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FM-Capable Cell Phones Could Be a Boon to Broadcasters

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A new report released by the National Association of Broadcasters (NAB) highlights the probable advantages to radio broadcasters, handset manufacturers, and phone service providers that could come with an increase in the number of FM radio receivers in cell phone handsets.

''Radio is a service that already reaches 235 million American listeners every week. With 257 million cell phones currently in service, we’re confident that implementation of a new FM-radio feature would result in rapid penetration, benefiting not only the radio business and American consumers, but the cell phone, electronics manufacturing, and music industries as well,'' said NAB CEO and President David K. Rehr in an NAB press release.

Commissioned by the NAB technology advocacy program NAB FASTROAD (Flexible Advanced Services for Television & Radio On All Devices), the report describes such benefits from FM-capable cell phones as greater access to Emergency Alert System announcements, reduced-cost on-air cellular promotions, and an enhancement to music downloads since users would be able to tag songs heard on the radio for later purchase.

The report also mentions that in 2007 only about 8% of US cellular handsets sold were FM-capable and that the current penetration of FM-capable handsets in the US is not especially relevant to broadcasters.

''Radio broadcasters have an economic interest in increasing the penetration of FM radio receivers in cellular handsets. As penetration increases, radio audience listening time will also go up, and that should increase advertising revenues for broadcasters,'' the report states.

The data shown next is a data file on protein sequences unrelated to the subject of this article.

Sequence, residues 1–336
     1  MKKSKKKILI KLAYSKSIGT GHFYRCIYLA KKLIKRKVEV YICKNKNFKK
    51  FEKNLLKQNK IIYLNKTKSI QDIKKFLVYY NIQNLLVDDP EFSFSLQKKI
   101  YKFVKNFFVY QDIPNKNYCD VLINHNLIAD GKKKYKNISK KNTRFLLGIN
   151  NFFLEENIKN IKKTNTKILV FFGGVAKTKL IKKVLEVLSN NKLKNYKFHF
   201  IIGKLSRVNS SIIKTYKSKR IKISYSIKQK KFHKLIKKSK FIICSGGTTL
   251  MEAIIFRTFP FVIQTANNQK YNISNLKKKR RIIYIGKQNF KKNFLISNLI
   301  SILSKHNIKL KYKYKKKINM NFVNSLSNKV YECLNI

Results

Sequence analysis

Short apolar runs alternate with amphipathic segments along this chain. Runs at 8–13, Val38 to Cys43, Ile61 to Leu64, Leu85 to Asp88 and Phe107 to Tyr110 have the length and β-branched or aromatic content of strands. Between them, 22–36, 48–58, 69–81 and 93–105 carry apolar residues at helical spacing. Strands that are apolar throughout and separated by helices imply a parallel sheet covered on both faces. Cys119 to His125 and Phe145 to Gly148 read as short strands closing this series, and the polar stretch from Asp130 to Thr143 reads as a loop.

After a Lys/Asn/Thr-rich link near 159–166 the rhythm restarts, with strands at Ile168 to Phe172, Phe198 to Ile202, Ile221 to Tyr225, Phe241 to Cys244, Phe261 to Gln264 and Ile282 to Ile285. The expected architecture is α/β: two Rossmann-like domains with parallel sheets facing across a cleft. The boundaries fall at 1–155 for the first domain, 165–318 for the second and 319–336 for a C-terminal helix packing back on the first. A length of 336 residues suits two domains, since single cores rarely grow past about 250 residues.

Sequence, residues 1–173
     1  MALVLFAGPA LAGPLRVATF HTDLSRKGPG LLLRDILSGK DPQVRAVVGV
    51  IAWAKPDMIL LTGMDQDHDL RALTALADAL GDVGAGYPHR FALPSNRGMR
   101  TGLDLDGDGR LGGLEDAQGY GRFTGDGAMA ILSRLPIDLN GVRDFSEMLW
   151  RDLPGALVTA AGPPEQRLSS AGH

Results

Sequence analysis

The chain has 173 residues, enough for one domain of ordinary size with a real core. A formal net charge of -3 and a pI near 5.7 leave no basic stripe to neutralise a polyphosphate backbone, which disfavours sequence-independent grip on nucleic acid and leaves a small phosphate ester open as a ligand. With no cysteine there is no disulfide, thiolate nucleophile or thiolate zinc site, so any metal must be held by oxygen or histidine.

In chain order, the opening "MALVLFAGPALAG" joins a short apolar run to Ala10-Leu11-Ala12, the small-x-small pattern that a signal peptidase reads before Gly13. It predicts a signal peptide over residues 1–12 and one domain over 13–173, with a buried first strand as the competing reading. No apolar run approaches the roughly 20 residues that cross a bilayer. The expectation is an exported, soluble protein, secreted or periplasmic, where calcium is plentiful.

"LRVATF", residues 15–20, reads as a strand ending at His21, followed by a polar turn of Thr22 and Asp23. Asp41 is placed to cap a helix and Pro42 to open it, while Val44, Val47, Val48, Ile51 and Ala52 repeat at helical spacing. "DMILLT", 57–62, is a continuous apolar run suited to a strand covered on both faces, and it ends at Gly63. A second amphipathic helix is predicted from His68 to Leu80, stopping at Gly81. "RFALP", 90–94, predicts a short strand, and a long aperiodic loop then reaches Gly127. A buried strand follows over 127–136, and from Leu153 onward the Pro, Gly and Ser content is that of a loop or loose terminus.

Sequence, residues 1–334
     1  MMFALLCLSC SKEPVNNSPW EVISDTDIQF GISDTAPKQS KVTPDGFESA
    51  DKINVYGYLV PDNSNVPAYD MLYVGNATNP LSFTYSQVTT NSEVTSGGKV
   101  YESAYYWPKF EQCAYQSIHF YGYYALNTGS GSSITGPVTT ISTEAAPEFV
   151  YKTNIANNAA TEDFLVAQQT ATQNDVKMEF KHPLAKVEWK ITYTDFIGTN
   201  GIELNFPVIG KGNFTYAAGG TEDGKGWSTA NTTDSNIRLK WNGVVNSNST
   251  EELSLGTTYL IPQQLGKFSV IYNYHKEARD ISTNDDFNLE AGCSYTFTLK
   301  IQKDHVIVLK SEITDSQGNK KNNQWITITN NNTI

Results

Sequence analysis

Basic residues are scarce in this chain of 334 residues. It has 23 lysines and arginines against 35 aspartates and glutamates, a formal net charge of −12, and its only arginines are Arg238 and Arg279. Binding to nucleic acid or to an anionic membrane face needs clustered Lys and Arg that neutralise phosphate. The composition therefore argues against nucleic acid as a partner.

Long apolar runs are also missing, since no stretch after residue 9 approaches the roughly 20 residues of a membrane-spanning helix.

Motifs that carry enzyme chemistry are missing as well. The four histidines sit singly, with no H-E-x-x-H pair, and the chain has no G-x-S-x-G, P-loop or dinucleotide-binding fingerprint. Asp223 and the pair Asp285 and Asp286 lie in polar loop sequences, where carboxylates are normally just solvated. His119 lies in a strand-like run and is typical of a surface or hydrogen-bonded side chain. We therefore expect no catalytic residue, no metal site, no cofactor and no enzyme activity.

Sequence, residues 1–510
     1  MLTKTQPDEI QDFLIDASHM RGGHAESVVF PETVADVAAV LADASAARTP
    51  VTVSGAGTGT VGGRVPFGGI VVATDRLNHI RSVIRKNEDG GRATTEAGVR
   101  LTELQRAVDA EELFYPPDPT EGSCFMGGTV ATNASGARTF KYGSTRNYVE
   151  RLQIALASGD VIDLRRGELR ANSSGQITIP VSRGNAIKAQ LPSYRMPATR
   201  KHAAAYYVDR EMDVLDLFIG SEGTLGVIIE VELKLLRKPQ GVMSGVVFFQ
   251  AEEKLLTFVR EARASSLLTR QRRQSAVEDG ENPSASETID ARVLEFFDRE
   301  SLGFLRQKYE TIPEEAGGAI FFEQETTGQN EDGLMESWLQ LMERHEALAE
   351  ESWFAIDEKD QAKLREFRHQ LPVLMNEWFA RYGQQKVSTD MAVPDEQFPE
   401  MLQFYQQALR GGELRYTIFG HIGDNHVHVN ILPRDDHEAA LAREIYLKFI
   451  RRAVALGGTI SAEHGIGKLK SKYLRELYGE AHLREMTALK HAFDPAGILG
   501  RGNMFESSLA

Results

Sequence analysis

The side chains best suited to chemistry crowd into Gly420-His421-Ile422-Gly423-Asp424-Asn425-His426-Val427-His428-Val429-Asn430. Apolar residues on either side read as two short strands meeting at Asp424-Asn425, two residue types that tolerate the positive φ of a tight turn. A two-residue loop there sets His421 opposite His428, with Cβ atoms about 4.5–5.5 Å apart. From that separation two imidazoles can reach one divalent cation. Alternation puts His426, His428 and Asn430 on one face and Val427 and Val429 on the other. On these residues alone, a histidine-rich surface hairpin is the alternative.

Whereas the US Department of Labor’s Bureau of Labor Statistics had forecast major threats to the radio industry from car CD and MP3 players, this expansion of FM radio to most cell phones will likely cause the industry to benefit and grow as it works in conjunction with the music industry and cellular operators to boost downloads.

However, there are objections from cellular operators that free over-the-air music may compete with cellular music services and that there is currently no apparent consumer demand in the US for FM-capable handsets. Other technical concerns from cellular operators include the lack of FM coverage in rural areas, the radio function’s negative effect on cell phone battery power, and the need for a second internal antenna.

According to Forbes, ''Nokia reckons that 77% of its customers who use the simple radio feature tend to use it about once a week and consider it important…Transistor radios gave teenagers of the late 1950s and early 1960s a way to listen to the music their parents abhorred in privacy — ushering in a gadget revolution. With so many ways to listen to music now, radio cell phones may only be an evolutionary change.''
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Popular tags:

 FM  radio industry  broadcasts  Americans  consumers  manufacturing  costs  Bureau of Labor Statistics  music industry

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